One of our primary responsibilities as parents is to teach our children lessons that will serve them well in life long after they reach adulthood.
Like establishing healthy eating and exercise habits, one of the most valuable lessons we can pass on to our children is to help them take care of their finances. If they’re young, you might want to start with the basics of budgeting and saving, which are central to building financial discipline. As they get older, it’s also important that children are taught how to build and maintain good credit. Credit is inherently complex, but the building blocks of solid credit are actually quite simple. Here’s an introduction to help your kids get started on the right foot:
1. Make your child an authorized user of one of your credit cards.
This can be done before your child is able to get their own card so they can use the card for their own purchases. You are still responsible for paying credit card bills, but your child’s credit may benefit if it is linked to your strong credit score. It can also serve as a first test of how your child handles credit. Expect them to be responsible for paying you back any fees incurred.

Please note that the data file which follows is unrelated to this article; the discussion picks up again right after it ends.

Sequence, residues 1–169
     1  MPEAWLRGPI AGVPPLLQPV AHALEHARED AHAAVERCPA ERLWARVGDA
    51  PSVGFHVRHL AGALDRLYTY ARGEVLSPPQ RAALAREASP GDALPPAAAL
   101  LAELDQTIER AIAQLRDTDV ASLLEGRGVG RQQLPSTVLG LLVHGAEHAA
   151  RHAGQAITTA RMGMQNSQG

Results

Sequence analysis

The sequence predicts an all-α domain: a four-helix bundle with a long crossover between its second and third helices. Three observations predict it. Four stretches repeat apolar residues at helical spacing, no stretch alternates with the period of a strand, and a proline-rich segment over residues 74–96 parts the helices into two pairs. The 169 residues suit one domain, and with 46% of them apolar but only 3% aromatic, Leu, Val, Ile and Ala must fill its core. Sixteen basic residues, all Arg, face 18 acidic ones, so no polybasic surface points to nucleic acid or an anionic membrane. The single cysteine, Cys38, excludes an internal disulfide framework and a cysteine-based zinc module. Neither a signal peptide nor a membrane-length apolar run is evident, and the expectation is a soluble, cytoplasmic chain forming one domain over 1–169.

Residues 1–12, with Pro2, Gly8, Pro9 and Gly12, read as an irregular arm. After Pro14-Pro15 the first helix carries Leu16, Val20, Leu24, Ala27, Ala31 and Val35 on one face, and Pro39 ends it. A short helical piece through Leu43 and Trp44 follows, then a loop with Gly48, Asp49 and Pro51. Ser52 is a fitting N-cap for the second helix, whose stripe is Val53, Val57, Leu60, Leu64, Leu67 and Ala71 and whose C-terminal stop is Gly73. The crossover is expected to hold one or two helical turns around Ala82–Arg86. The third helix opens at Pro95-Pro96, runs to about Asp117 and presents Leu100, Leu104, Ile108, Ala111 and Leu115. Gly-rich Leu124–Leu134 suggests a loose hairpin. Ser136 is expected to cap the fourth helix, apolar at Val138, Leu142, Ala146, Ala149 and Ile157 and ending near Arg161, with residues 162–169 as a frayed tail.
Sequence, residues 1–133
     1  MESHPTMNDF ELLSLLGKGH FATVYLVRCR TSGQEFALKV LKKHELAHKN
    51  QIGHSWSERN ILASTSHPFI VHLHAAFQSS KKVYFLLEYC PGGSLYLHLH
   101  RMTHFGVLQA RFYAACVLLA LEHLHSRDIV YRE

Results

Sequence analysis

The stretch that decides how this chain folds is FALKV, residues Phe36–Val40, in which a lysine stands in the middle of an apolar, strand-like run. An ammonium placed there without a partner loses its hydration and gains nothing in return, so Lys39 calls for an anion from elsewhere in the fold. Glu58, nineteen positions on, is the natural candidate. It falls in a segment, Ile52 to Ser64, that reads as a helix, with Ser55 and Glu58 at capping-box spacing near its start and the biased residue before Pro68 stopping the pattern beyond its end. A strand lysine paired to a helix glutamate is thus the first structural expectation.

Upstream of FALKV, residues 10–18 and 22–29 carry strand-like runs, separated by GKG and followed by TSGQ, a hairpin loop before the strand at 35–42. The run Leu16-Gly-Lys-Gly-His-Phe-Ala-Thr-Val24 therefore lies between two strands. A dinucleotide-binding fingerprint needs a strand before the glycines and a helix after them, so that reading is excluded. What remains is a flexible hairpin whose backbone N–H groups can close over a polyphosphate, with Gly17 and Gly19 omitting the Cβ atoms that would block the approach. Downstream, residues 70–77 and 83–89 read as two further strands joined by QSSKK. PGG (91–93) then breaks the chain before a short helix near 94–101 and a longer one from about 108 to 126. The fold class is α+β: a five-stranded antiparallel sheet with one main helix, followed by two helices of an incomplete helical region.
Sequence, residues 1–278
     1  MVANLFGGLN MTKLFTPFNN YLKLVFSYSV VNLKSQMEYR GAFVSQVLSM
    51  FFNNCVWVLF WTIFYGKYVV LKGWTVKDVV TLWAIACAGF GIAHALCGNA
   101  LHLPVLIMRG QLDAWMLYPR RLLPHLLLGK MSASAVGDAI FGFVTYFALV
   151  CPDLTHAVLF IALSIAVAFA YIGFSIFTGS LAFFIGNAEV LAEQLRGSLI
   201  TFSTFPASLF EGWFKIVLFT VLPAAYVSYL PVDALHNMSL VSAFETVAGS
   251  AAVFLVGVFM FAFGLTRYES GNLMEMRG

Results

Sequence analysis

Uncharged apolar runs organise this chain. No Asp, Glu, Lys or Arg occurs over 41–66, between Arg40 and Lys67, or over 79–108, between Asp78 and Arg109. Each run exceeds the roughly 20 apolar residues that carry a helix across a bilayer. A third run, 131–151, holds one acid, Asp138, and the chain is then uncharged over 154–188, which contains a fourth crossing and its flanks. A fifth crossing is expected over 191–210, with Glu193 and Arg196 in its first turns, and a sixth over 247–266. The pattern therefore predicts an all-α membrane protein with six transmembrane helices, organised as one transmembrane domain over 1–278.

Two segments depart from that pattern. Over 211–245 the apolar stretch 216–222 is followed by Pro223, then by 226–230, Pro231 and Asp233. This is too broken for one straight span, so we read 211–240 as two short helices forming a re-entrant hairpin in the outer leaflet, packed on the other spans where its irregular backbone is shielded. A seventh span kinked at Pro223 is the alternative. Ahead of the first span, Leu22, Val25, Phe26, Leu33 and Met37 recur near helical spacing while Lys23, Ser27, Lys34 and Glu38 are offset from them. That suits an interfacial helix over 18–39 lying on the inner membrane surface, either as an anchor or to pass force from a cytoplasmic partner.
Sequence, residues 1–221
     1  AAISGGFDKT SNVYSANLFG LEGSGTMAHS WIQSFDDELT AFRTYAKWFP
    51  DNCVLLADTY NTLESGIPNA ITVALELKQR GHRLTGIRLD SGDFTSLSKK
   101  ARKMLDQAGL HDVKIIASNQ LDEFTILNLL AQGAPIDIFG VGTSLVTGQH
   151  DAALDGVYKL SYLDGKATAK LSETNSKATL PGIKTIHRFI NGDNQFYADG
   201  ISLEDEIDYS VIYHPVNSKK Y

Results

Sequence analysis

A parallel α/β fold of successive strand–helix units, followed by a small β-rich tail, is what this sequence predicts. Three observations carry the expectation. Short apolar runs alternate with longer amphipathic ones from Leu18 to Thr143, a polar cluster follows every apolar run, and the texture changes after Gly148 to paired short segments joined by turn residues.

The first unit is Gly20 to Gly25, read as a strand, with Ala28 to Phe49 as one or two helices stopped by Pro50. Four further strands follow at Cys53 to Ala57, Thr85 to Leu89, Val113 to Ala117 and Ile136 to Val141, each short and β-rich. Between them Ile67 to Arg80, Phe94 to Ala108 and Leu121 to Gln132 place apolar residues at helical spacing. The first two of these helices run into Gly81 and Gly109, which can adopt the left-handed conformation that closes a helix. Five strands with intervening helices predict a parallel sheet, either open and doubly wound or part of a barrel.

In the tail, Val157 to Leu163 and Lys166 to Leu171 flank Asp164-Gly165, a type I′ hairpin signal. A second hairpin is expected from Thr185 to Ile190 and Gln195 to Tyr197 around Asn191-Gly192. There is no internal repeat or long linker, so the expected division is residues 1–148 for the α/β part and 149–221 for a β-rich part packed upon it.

2. If possible, let them build their own credit.
The time will come when your children will qualify for a credit card. Again, it’s important to emphasize the importance of paying bills on time every month. Ideally, they pay off the entire balance monthly to avoid high interest costs. You also need to make timely payments on other debts like student loans, credit cards, and even expenses like utility payments. Note: Using a debit card does not help build credit.
3. Encourage them to exercise caution when using credit.
Achieving good credit is a balancing act for younger people. They must receive and use credits to collect a story, which is reflected in their score. Still, they want to avoid overdoing it. Make sure your child knows not to take chances, using loans to pay for large expenses that could require a long payback period, or accepting more than one or two credit cards at a time.
Dealing with credit is a new experience for most people just entering adulthood. By following these steps, you have an opportunity to get your kids on the right path.
Holley Smaldone-Cragg, CMFC, is a financial advisor at Ameriprise Financial in Geneva. She specializes in fee-based financial planning and wealth management strategies and has been in the practice for over 35 years. Their website is ameripriseadvisors.com/holley.com.